Boolean equation (Boolean inequation, propositional combination of Boolean
equations) holds in the m(n+1) sets

A_1,Š,A_m
f_1A_1,Š,f_1A_m
Š
f_nA_1,Š,f_nA_m.

Here we interpret the universal set U to be the union of K, and
complementation is taken relative to U.

The case n = m = 1 is the most elemental type, where we have a single
function and a single set. Here even equational BRT on (V,K) of type (1,1)
can be highly nontrivial.

The goal of equational (inequational, propositional) BRT on (V,K) of type
(n,m) is to determine the truth or falsity of all of its members. For a
given n,m >= 1, there are 2^2^m(n+1) elements of equational (inequational)
BRT on (V,K) of type (n,m), up to Boolean equivalence. There are
2^2^2^2^m(n+1) elements of propositional BRT on (V,K) of type (n,m) up to
Boolean/logical equivalence.

Note that equational BRT is quite robust. I.e., any finite conjunction of
Boolean equations is equivalent to a single Boolean equation (formally, in
Boolean algebra), and inclusions between Boolean terms are equivalent to
single Boolean equations (again formally, in Boolean algebra).

3. EXTENDED EQUATIONAL, INEQUATIONAL, PROPOSITIONAL, BOOLEAN RELATION THEORY.

The extended Boolean expressions are defined inductively as follows:

i) emptyset, U, and each set variable are extended Boolean expressions;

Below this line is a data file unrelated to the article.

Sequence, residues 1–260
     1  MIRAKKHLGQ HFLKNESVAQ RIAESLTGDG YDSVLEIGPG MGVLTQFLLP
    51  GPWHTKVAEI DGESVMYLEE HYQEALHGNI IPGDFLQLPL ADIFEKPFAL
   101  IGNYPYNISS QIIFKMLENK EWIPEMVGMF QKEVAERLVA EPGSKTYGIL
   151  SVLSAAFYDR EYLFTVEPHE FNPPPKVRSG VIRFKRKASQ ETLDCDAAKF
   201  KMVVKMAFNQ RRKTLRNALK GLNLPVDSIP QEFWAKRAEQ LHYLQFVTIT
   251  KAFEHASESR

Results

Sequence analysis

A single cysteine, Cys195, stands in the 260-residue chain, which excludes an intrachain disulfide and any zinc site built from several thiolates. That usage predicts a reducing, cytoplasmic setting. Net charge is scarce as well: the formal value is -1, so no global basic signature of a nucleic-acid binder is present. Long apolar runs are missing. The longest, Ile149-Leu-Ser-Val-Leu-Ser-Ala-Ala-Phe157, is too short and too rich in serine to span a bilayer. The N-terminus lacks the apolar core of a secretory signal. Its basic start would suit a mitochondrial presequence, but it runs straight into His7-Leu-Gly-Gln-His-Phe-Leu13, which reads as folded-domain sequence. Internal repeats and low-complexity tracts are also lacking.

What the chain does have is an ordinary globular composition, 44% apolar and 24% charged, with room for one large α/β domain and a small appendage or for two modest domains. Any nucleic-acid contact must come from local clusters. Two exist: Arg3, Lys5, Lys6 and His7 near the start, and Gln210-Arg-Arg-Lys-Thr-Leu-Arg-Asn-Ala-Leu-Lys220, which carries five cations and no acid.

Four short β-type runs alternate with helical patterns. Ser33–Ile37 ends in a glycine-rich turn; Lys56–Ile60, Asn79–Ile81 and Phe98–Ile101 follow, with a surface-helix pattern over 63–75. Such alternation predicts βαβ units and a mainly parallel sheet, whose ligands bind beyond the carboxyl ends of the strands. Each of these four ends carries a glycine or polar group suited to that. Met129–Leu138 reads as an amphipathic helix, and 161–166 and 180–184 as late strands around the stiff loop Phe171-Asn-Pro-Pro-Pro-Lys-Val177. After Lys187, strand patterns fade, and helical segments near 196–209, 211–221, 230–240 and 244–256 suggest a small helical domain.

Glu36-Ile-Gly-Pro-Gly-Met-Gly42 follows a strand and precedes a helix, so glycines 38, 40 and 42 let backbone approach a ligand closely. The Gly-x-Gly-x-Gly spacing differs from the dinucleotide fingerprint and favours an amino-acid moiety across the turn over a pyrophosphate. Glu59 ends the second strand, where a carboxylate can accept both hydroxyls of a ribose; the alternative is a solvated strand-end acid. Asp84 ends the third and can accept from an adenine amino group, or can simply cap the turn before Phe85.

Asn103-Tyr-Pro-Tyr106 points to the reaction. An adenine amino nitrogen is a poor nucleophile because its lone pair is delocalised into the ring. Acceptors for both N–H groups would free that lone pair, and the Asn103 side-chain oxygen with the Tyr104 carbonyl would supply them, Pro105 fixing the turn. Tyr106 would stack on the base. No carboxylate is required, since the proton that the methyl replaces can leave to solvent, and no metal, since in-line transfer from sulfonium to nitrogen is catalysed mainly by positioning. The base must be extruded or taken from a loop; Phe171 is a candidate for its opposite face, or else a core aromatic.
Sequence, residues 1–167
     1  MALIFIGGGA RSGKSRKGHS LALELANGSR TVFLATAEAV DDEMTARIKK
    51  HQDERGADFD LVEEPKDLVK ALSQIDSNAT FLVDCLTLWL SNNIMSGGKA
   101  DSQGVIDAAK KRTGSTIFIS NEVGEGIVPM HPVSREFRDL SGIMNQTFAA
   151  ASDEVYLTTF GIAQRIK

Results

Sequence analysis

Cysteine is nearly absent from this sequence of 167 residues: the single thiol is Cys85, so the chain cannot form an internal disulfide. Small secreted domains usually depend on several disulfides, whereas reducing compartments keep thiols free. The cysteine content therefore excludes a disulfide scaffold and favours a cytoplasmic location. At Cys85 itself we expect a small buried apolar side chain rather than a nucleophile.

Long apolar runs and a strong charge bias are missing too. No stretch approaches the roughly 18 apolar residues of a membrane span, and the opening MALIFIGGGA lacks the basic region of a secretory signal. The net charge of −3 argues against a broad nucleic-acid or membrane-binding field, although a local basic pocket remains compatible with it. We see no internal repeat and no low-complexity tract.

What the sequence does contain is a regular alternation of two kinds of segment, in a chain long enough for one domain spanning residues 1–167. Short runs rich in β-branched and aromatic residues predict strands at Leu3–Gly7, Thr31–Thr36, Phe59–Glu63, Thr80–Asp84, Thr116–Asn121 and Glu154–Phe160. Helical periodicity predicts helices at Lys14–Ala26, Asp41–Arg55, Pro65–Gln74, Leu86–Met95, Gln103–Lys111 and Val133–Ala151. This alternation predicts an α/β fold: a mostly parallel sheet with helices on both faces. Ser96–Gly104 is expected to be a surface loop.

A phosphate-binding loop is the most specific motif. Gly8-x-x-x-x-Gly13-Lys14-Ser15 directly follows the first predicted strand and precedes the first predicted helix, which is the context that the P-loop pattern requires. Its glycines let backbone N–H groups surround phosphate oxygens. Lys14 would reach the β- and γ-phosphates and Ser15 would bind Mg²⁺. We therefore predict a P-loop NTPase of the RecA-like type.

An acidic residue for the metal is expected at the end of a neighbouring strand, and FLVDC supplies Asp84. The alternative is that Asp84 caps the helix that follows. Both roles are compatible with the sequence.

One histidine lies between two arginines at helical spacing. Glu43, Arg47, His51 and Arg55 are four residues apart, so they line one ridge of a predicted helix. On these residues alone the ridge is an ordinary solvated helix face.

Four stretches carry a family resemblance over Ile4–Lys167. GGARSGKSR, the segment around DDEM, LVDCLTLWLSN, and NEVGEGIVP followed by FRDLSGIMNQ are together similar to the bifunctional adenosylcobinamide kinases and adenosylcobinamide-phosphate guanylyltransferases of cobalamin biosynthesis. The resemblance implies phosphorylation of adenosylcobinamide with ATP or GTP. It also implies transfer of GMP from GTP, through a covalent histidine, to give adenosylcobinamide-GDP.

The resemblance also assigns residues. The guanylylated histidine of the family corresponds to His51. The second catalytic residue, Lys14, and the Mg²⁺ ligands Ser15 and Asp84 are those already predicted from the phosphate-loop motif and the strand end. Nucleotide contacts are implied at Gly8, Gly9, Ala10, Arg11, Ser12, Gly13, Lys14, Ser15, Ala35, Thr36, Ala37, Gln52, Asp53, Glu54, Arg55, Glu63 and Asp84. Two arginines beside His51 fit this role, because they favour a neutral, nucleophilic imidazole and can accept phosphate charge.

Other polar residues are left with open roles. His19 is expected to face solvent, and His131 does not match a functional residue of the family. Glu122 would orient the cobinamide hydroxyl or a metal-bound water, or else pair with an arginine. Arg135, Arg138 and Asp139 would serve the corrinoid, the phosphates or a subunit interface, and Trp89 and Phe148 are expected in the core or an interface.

ii) if s,t are extended Boolean expressions then so are (s union t), (s
intersect t), and s';
iii) if s is an extended Boolean expression and f is a function variable
then f(s) is an extended
Boolean expression.

An extended Boolean equation is an equation s = t, where s,t are extended
Boolean expressions.

An extended Boolean inequation is an inequation s not= t, where s,t are
extended Boolean expressions.

The propositional combinations of extended Boolean equations are obtained
from the extended Boolean equations through use of the usual propositional
connectives.

Let V be a set of multidimensional functions and K be a set of sets. Let
n,m >= 1.

Extended equational (inequational, propositional) BRT on (V,K) of type
(n,m) is the study of all statements of the form

for all f_1,Š,f_n in V there exists A_1,Š,A_m in K such that a given
extended Boolean equation (Boolean inequation, propositional combination of
Boolean equations) holds in the functions f_1,Š,f_n and the sets A_1,Š,A_m.

Extended equational (inequational, propositional) BRT on (V,K) is the union
over n,m >= 1 of extended equational (inequational, propositional) BRT of
type (n,m).

Note that there are infinitely many statements even in extended equational
BRT on (V,K) of type (1,1). However, we can introduce a new parameter for
the number of occurrences of functions (or function variables) in an
extended Boolean expression. We then have finitely many statements in the
extended theory of type (n,m).

4. THE THIN SET THEOREM.

We use Z for the set of all integers. An integral multivariate function is
a multivariate function from Z into Z. An integral multidimensional
function is a multidimensional function from Z into Z. We write MF(Z) for
the set of all integral multivariate functions. We write MDF(Z) for the set
of all integral multidimensional functions.

Boolean relation theory begins with the thin set theorem. It is the most
basic interesting theorem in inequational Boolean relation theory. In fact,
it is a statement in inequational Boolean relation theory on (V_1,K_1) of